Dinesh D’Souza release the film you probably weren’t waiting for: The conservative author and filmmaker is set to release his second film next week. In its review of the movie, Variety notes that the story is “evidently set in an alternative universe, kicks off the film by dramatizing the fatal shooting of George Washington during a Revolutionary War battle. ” [Variety]
Watch the latest trailer for Dr. Cabbie: The film, which stars Big Bang Theory star Kunal Nayyar, will hit theaters in September. Watch it over on YouTube.
A lost child: I wrote about Saroo Brierley, the Indian-Australian adoptee who located his birth family with the help of Google Earth for NBC’s new Asian American vertical. [NBC]
Quote of the day: Over at The Nation, Hannah Harris Green interviews Saba Ahmed, the American University law student who was in the news last week after her questions at a Heritage Foundation panel were repeatedly challenged. Here’s how Ahmed describes the congressional hearings and panels she frequently attends:
I’m amazed when we go to these congressional hearings. They’re asking for hundreds of millions of dollars for the State Department budget on outreach towards counterterrorism. Out of all that money, we couldn’t hire one person who knows the Qu’ran? Every time I go to congressional hearings, again it’s budget talks. They keep on asking for more funds, and we keep on funding them. But they’re not addressing the root causes of problems.
Bad news for coffee drinkers and farmers: Most American coffee drinkers probably haven’t heard of the white stem borer beetle but they’ll soon notice the damage these insects are capable of. The beetles have been attacking the bark and stems of the arabica coffee plants that make up many of India’s coffee plantations. India is currently the world’s sixth largest producer of coffee and Reuters reports that unusually warm weather this year has caused the beetles to thrive. [Reuters]
The story of the boy tied to the Mumbai bus stop: Lakhan Kale, a 9-year-old boy with cerebral palsy in Mumbai, made headlines earlier this year when it was discovered that his grandmother regularly tied him to a bus stop while she went to work. CNN reporter Mallika Kapur looks at Lakhan’s story and the reality of what life is like for millions of disabled Indians. [CNN]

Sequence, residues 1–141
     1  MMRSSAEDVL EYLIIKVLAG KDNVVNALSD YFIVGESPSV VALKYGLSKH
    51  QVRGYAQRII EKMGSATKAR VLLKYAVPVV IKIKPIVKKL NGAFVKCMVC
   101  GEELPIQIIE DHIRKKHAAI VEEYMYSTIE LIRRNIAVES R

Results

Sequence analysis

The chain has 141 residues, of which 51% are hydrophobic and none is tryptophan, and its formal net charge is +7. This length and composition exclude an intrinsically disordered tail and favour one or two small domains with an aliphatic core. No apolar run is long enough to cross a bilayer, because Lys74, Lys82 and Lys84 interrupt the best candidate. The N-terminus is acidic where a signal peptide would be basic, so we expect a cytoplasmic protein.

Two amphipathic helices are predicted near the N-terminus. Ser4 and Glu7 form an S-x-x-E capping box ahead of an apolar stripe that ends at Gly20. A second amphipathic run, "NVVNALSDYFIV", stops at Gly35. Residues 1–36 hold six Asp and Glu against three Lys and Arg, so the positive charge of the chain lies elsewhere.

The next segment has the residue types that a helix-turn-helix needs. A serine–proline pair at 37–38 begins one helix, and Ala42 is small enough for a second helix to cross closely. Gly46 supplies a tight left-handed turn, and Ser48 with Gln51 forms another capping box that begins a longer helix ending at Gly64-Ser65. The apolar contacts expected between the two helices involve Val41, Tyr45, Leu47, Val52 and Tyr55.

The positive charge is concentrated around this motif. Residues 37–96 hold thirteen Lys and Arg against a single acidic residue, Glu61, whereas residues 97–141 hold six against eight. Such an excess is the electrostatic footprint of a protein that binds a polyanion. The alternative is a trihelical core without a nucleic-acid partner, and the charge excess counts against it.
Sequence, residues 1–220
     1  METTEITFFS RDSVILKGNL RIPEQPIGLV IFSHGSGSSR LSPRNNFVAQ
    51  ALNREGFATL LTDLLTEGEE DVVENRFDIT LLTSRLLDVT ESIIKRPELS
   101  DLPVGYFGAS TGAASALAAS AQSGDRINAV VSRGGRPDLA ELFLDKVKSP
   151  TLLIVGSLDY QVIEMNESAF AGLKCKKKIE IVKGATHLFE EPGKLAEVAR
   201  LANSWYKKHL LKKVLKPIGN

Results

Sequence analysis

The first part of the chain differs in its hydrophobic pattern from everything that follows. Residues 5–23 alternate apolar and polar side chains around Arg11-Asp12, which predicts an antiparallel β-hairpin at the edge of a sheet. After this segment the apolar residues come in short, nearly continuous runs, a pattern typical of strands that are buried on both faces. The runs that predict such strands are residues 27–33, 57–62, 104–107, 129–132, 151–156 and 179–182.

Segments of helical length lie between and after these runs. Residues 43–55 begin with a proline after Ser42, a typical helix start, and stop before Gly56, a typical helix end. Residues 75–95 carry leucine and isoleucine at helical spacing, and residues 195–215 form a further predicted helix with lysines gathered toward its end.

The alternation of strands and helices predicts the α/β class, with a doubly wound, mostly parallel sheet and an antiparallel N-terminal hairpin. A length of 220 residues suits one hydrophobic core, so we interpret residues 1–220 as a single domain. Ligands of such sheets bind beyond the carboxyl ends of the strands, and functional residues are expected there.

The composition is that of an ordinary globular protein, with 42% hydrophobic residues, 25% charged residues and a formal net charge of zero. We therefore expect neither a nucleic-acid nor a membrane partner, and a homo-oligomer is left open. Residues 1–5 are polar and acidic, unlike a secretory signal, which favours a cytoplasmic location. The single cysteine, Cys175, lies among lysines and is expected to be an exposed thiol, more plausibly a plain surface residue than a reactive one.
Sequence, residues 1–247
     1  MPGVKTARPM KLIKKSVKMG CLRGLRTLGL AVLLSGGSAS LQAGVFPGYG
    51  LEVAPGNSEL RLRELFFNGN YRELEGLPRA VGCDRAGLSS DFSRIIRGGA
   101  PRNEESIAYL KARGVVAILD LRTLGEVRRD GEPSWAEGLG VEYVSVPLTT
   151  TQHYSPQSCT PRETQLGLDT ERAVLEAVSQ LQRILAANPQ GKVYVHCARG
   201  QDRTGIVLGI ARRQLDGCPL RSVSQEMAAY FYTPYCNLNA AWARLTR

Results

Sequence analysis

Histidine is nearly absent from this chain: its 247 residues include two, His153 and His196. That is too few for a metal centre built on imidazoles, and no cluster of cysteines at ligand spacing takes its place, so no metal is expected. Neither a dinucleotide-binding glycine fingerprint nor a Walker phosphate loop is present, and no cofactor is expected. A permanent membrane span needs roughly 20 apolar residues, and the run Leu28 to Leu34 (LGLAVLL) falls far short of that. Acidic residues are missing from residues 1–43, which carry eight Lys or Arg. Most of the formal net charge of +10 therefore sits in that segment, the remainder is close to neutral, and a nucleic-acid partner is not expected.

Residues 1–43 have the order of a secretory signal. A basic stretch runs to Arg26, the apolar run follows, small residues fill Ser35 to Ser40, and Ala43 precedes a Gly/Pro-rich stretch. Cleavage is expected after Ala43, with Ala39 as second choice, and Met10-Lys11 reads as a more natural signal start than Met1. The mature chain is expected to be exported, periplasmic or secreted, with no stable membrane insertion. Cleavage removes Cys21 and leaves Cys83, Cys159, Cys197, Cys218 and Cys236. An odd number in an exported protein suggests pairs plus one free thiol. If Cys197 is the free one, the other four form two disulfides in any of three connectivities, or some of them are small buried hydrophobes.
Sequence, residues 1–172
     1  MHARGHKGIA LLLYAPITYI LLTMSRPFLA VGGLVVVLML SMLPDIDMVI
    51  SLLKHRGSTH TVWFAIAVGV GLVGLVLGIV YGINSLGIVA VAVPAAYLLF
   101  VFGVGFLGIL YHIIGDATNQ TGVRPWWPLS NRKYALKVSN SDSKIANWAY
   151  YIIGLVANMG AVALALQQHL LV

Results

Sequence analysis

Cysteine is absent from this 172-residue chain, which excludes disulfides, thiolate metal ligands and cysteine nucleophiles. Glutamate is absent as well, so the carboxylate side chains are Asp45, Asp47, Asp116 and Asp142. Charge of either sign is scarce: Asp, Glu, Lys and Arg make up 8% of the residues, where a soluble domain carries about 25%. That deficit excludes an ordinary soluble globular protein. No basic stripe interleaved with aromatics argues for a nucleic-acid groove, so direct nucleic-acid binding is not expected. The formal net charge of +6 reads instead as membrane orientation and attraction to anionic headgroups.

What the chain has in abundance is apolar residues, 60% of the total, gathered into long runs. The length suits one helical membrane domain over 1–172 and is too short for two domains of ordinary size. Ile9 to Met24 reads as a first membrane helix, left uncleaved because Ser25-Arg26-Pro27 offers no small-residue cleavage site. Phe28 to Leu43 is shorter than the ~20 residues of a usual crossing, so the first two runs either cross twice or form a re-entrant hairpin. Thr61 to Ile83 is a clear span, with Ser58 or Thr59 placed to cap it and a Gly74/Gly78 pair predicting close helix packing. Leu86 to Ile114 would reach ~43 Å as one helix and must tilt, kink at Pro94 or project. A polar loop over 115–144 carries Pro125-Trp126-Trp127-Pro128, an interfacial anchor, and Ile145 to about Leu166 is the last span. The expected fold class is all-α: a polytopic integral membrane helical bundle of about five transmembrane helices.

Is an invitation in the mail? Representative Ed Royce, the the chairman of the House Foreign Affairs Committee, wants to invite India’s newly elected Prime Minster Narendra Modi to address a joint session of Congress. The congressman sent Speaker John Boehner a letter stating that that ““The United States has no more important partner in South Asia… “It is not an overstatement to say that the U.S.-India relationship will be one of the defining partnerships of the 21st century.” Of course, just under a decade ago, Modi was denied a visa to enter the United States. [Wall Street Journal]
World War II’s forgotten Indian battle: It’s been 70 years since The Battle of Kohima and Imphal, which reporter Gardiner Harris describes as “bloodiest of World War II in India.” Despite playing a key role in the war, India’s participation in World War II has largely been forgotten by the population at large due to the legacy of colonialism and the complicated histories of Nagaland and Manipur, the two states the battle was fought in. [New York Times]
Hari explains it all: “So before we begin, I’d like you all to know that the theme of my set tonight will be colonialism.” Those were nearly the first words out of comedian Hari Kondabolu’s mouth during his set on Conan on Monday and he delivered as promised. Watch Kondabolu riff on Chinese restaurants, the real reason the Adam and Eve story is hard to believe and ask the all important question, “What would Baloo do?” (Team Coco)
Hit follow now. The must-follow Twitter account of the week is @RushdieExplains, a new feed that purportedly explains India from Salman Rushdie’s perspective. The account’s Twitter bio proudly notes that it’s “graciously blessed by Sir himself.” You can see Sir Salman’s complementary tweet posted above. (Scroll.in)
The Frenchman who fell in love with Urdu. Meet Julian Columeau, a 41-year-old French-born writer who the AFP calls one of Pakistan’s “most innovative Urdu novelists.” Columeau began studying Hindi in the early 90s, but found it too “clerical,” leading him to switch to Urdu. He moved to Pakistan to work in the humanitarian sector over a decade ago. (AFP)